Sunday, May 21, 2017

Inheritance From Mother, by Minae Mizumura. 2012; Other Press English translation 2016



 
The Katsura sisters have long had an embattled relationship with their mother. Noriko Katsura, is an egotistical and selfish woman with a taste for the finer things in life, and little, if any, feelings for people. The sisters dream of the day when their mother will finally die, and her demands on them will stop.

This sounds horrible, especially in a society where children are expected to love, revere, and care selflessly for their parents. But for Mitsuki, the daughter on whom the majority of the burden falls on, it’s a chance to finally live her own life. As a child, she was neglected in favor of Natsuki, her more beautiful and talented sister. As an adult, her life is pretty much run by her husband, a fellow college instructor who wants a luxury condo- and is having (another) affair with a younger woman. What would Mitsuki do if she could make decisions without having to consider either of these people?

The first half of the book revolves around Noriko’s final hospitalization and death, and fills us in on the history of the Katsura family. The second half is what Mitsuki does after her mother’s death as she figures out what she really wants out of life. It’s fascinating reading the history of her family and how it was shaped by Japanese culture, as that culture itself changes through modernization and influences from the West. While told in third person, Mitsuki is the main focus of the tale. Mother/daughter relationships, marriage, aging, and sister relationships are all treated here with sensitivity and depth. 


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Rebellion, by Molly Patterson. Harper, 2017


Four women in four eras are at the center of this book. A Christian missionary, Addie, in China in the years leading up to the Boxer Rebellion; Louisa, Addie’s sister who left a middle class family to homestead in the middle of nowhere; Hazel, Louisa’s granddaughter who is suddenly left a widow with a farm to run; and Juanlan, a young Chinese woman who as just graduated college but has to return home to help care for her father. Each of these women steps outside the life that is expected of them, and of course has to live with the consequences of those quiet rebellions.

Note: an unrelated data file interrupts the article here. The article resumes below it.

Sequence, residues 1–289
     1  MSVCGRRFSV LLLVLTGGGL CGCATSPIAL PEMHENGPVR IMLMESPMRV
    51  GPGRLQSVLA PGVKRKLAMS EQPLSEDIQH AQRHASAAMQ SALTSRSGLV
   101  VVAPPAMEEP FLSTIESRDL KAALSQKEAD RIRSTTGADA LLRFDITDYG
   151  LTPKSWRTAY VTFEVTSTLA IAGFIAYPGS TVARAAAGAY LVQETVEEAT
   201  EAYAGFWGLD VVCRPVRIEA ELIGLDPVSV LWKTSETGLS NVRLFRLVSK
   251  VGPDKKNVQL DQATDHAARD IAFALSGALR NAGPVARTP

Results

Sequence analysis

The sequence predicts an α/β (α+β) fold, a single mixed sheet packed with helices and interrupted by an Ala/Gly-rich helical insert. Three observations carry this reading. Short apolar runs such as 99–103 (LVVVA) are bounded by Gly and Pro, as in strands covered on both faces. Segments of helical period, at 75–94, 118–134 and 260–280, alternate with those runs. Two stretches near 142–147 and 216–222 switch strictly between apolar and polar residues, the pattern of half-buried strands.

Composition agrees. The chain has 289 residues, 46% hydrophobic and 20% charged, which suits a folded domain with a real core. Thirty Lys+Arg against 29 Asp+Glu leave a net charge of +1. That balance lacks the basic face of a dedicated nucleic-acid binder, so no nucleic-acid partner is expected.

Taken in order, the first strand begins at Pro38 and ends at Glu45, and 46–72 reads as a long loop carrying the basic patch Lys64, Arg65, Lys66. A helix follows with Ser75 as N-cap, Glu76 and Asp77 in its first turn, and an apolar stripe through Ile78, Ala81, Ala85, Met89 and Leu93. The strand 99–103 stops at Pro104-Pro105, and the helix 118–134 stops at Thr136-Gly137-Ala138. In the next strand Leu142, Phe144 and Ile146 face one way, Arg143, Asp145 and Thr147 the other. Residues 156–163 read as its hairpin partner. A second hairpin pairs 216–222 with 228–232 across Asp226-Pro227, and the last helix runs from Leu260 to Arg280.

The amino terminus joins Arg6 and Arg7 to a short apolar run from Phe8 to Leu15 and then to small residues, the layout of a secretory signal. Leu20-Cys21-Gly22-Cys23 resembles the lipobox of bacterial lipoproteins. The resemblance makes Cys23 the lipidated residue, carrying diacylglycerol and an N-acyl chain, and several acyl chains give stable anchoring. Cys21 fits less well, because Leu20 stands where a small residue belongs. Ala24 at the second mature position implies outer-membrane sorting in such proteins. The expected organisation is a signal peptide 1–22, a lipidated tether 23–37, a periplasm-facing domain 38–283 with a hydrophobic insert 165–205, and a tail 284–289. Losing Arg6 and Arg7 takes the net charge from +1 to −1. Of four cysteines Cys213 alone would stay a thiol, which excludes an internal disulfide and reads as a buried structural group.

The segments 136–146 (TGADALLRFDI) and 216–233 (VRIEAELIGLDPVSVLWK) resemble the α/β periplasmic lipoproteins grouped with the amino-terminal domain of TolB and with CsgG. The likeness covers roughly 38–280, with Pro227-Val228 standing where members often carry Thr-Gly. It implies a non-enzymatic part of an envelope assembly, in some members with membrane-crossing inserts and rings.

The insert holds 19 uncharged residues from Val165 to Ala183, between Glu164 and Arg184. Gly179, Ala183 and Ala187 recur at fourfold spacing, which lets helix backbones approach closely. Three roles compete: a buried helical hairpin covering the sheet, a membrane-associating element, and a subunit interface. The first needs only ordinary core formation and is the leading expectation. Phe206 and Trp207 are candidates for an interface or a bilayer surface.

The book moves at a pretty slow pace. The minutia of daily life is related- when the rebellions are quiet, one has to look at the ordinary to see it contrast with the extraordinary. The descriptions are brilliant; they bring the scenes to life. But… pretty slow. It rather reminds me of a novel from the late 18th century, actually, with its pacing and long descriptions. Which is fine; just be forewarned.

What I didn’t like was that I figured the four strands of narrative would come together in the end. It was obvious what the relationships between Addie, Louisa, and Hazel were, but the relationship that Juanlan has with the three of them is quite nebulous- only that she lives in roughly the same area of China that Addie lived in. I expected that at some point some long hidden letters would appear or something that meshed them all. No such luck. The ended was quite a letdown.



The above is an affiliate link. If you click through and buy something from Amazon- anything- they will give me a few cents. 

I received this book free from the Amazon Vine program in return for an unbiased review. 

Neither of these things influenced my review. 

Saturday, May 13, 2017

But Then I Came Back, by Estelle Laure. Houghton Mifflin Harcourt, 2017




Feeling out of sorts with her twin brother and her best friend, Eden starts to walk away, but slips on the ice, hits her head on a rock, and plunges into a frigid river. She is rescued, but doesn’t regain consciousness for over three weeks. When she comes to, she has a hard road back to recover, physically and emotionally. Brother Digby and friend Lucille are a couple. She can barely walk, much less dance the ballet that was her life. She even has to relearn how to eat and drink. Will she be able to fulfill her plans of college and a dance career? Can she even manage to catch up and graduate with her class?

In the time that she spends recovering in the hospital, she starts spending time looking in at another coma patient, Jaz. Despite knowing nothing about her, she feels a definite connection with Jaz. Then she meets the only other person who visits Jaz: Joe, who has been best friends with Jaz since elementary school. Together, they hope she will wake up.

Eden has a really big coming of age in this story. Not only does she have the usual teenage situations to deal with, but in some ways she’s been sent back to childhood. Add a romance in- her first one- and some supernatural things, and it’s an intense story. I found myself really involved with her struggle and cared about it. The other characters, while I liked them all, were not very deep, but it’s told in first person so that’s understandable. I found out this is a sequel, and that some of the other characters were the focus of the first book. This book stands well on its own, though. 


The above is an affiliate link. If you click through and buy something from Amazon, they will give me a few cents. 

I received this book free from the Amazon Vine program in return for an unbiased review. 

Neither of these things influenced my review.